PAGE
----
Just how useful is human gene editing?

In the near-term, gene editing is not likely to be useful. Even in the long-term, it may not be very practical.

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  • Once perfected, gene editing is likely to be useful only under limited conditions.
  • Multigenic diseases like schizophrenia and cardiovascular disease are probably too complicated to be fixed by gene editing.
  • Embryo screening is a far more effective way to achieve the same objective.
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Image: Biswarup Ganguly
  • The eggs contain an antiviral protein called human interferon beta.
  • This protein is known to combat some forms of cancer and other conditions.
  • The unusual technique could one day provide cheaper and more effective treatments.
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When genomics lets us design our children, how can we keep it fair for all?

Granted, genetic manipulation has been a dream for decades. Here’s what is different now.

Learning childcare at Beijing's Nanny University. (Photo by Kevin Frayer/Getty Images)

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Scientists Use CRISPR Gene Editing to Create the World's First Mutant Social Insect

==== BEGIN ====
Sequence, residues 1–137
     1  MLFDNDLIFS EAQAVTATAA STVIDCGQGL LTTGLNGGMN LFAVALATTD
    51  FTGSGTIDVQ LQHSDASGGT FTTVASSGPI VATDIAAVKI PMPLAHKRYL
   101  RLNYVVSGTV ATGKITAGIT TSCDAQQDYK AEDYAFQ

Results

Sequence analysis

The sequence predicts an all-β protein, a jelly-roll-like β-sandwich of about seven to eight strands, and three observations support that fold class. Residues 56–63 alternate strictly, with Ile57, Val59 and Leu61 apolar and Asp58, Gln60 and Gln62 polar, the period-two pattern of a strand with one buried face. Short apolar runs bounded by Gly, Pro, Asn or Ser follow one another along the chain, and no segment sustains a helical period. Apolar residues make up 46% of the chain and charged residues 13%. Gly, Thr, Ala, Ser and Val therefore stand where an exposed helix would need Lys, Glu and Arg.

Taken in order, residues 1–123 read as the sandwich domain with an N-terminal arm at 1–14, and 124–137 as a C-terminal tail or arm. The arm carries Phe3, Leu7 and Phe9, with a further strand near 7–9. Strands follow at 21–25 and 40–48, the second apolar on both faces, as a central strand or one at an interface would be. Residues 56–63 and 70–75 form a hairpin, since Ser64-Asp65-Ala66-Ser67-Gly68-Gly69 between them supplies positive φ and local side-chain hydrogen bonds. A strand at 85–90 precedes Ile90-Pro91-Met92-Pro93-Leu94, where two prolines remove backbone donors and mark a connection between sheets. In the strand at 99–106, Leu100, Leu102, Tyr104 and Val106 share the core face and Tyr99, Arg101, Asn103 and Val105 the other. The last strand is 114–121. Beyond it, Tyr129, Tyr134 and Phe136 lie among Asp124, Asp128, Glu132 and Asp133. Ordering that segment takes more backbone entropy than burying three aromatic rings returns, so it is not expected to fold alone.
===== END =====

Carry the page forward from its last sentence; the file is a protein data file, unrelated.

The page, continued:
Researchers succeed in deleting key genes from ants, significantly modifying their behavior.

credit: Rockefeller University.

A staple of bad science fiction, mutant ants have been more of a figment of imagination rather than scientific reality. We’ve genetically altered mice and fruit flies, but growing mutant ants has eluded scientists due to the complex life cycle of the little critters. Now two teams announced that they managed to edit out certain genes from lab ants, altering their behavior.  

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Embryonic Human DNA Has Just Been Successfully Repaired in the U.S.

U.S. scientists have successfully repaired DNA in a human embryo for the first time.

Image source: Kateryna Kon/Shutterstock

American researchers have announced the successful repair of a human embryo's genes. As reported in the journal Nature, they used CRISPR-cas9. On one hand, their success represents an exciting breakthrough and on the other, it's a stark reminder of all we don't yet understand about human genetics. That's because the repair of the gene occurred in a way that researchers didn't anticipate.

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